I'm confused about what is meant by "radial" topology of an electrical distribution system. This site claims we can generally group electrical distribution systems into three classes: radial, loop, and network. A radial topology "has only one power source for a group of customers". Web pages here and here provide consistent definitions adding they are called "radial" because feeders radiate from a single source.
However, Santos gives a more general definition of radial:
"There are two main topologies of structures for defining the layout of a distribution or transmission grid, the radial grid topology and the mesh grid topology. The radial grid is a tree shape topology where do not exist close loops. This means that you start on one bus and deliver power to the next without the possibility of finding the original bus, except if you turn backward."
This is not consistent with the first:
- There is no requirement for a single source.
- Power flows do not necessarily have to be unidirectional.
- There is no mention explicitly of feeders. I.e. we could have a distributor line with multiple sources and sinks and still call it radial.
The question came up for me while reading some stuff on microgrids. Lasseter gives an example of a supposedly radial structured microgrid in the first figure below. So called feeders radiate from a point of coupling to the grid. But since this is a microgrid, each sub network has microsources and power flow controllers, and it is not strictly prohibited that power flow back up out of "C" and into "A" for example, when the microgrid is operating in islanded mode (disconnected from the mains). It is still a tree but not consistent with the first definition.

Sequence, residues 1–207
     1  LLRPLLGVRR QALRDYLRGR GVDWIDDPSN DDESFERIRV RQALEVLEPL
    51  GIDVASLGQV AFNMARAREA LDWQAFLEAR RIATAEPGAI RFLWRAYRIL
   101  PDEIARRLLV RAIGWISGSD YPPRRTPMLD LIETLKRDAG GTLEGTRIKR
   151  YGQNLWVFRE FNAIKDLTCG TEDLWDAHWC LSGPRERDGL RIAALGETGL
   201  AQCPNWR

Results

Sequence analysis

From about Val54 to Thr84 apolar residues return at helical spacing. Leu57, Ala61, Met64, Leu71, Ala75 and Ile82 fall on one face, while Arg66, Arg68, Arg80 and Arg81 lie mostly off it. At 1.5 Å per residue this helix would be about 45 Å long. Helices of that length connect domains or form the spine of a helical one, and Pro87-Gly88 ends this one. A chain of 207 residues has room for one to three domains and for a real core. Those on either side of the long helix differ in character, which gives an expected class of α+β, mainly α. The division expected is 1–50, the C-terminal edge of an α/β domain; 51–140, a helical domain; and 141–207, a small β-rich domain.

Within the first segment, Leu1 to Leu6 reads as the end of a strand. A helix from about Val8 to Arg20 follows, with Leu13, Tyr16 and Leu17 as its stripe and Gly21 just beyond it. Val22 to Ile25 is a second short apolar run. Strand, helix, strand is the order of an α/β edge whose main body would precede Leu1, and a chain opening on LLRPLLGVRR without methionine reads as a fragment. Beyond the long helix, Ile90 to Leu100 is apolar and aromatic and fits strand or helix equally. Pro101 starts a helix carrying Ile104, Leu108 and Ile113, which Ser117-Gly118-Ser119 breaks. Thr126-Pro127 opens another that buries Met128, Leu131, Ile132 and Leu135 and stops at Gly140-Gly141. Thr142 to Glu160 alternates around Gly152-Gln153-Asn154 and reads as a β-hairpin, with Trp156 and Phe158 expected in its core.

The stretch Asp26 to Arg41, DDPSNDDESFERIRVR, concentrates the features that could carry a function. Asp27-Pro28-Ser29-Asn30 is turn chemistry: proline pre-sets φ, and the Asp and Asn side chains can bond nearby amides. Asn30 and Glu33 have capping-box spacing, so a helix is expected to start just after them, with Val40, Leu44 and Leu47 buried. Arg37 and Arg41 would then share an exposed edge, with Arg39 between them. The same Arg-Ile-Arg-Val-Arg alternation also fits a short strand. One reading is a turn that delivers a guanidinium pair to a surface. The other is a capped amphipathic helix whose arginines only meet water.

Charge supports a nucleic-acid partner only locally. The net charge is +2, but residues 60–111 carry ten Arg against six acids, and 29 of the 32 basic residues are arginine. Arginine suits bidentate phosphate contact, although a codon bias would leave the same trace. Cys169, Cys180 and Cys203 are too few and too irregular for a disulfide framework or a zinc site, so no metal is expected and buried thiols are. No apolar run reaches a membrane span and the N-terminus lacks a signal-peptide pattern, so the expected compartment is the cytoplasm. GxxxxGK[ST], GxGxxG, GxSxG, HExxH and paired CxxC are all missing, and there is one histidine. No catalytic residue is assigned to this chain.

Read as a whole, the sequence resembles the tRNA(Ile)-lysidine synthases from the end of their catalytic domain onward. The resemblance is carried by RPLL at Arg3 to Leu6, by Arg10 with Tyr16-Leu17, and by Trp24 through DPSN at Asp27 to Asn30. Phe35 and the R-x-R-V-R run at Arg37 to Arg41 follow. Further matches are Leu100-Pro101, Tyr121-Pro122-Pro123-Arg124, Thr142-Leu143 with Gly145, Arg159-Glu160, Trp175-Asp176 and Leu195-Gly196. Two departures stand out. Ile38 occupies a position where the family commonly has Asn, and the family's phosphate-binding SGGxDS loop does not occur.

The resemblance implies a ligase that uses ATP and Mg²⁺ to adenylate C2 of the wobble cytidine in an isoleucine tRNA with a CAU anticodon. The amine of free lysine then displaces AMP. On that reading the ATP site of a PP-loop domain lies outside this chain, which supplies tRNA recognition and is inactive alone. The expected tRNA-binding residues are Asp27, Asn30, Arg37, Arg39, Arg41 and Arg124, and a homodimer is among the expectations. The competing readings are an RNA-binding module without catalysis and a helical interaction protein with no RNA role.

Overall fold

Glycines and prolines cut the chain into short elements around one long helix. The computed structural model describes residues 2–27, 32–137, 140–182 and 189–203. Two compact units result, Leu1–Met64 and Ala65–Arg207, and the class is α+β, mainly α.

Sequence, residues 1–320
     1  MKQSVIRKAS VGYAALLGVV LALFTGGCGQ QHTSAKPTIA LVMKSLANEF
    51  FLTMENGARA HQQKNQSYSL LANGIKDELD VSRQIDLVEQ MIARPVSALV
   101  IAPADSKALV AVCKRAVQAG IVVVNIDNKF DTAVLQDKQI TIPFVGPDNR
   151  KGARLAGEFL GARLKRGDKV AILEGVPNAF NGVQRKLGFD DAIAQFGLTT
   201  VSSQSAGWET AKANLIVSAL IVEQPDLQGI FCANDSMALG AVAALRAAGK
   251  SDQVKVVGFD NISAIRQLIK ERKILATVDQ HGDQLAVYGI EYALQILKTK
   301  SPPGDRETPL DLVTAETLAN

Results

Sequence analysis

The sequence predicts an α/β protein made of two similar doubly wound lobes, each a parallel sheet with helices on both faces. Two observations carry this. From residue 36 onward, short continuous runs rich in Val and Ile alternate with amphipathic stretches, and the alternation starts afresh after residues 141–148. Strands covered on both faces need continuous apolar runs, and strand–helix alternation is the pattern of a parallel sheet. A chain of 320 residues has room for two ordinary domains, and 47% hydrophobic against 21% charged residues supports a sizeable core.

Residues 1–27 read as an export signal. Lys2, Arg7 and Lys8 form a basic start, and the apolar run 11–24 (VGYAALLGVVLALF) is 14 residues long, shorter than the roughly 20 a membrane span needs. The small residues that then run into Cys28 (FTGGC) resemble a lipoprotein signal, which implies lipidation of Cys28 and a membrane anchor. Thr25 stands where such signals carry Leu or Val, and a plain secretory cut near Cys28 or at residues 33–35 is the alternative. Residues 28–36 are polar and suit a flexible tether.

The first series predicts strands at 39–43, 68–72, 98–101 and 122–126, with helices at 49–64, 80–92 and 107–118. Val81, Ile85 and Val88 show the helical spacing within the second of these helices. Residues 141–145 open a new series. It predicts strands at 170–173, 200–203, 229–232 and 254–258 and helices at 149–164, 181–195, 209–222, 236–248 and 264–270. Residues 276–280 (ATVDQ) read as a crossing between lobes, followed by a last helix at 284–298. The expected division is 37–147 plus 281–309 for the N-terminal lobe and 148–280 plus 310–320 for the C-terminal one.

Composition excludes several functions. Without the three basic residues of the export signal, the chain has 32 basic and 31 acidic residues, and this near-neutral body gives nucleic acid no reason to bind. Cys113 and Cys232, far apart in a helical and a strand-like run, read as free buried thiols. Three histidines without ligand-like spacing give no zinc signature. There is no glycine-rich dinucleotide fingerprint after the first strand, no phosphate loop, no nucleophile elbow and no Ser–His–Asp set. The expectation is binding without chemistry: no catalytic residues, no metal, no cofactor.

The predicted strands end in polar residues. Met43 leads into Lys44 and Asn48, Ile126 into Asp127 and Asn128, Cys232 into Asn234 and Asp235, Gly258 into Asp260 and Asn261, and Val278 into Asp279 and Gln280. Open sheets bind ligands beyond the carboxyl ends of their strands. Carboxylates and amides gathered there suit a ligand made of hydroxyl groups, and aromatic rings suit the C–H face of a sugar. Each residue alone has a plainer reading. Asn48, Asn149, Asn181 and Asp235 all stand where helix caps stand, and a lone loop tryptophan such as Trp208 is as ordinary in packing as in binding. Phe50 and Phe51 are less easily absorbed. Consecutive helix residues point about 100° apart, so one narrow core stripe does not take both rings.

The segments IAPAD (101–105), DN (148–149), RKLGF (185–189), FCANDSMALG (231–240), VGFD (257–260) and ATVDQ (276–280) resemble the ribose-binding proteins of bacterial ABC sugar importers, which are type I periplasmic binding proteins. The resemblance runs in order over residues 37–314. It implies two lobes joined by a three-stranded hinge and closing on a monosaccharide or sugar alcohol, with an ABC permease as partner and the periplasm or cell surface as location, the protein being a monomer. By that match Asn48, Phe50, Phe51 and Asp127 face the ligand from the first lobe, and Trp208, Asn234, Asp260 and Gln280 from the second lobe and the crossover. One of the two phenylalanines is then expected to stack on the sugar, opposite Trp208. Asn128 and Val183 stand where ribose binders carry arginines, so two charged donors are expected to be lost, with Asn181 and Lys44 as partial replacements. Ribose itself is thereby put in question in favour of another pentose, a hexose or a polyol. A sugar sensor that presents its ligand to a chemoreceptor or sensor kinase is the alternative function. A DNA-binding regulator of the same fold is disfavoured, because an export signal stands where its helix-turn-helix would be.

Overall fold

"... if every source is connected to at most two other sources, as shown in Fig. 1(a), then the microgrid is radial. Otherwise, it is meshed. If there is a line connecting Source 1 with Source k in Fig. 1(a), then it is a meshed microgrid. By far, the largest body of research work done in decentralized microgrid control has been for radial architectures of the type described in 7.
That looks more like a "loop" in the original author's terminology, but I guess if we consider the single line a distributor it is a tree like structure and consistent with Lasseter and Santos.
My take on all this is "radial", in the most general agreed upon sense, just means having a tree structure. It does not prohibit multiple sources and bidirectional flows. Specifically, multiple sources and sinks connected to a single distributor (as opposed to feeder from a single source to loads) would still be classified as a radial topology. Can anyone with experience in this domain back me up?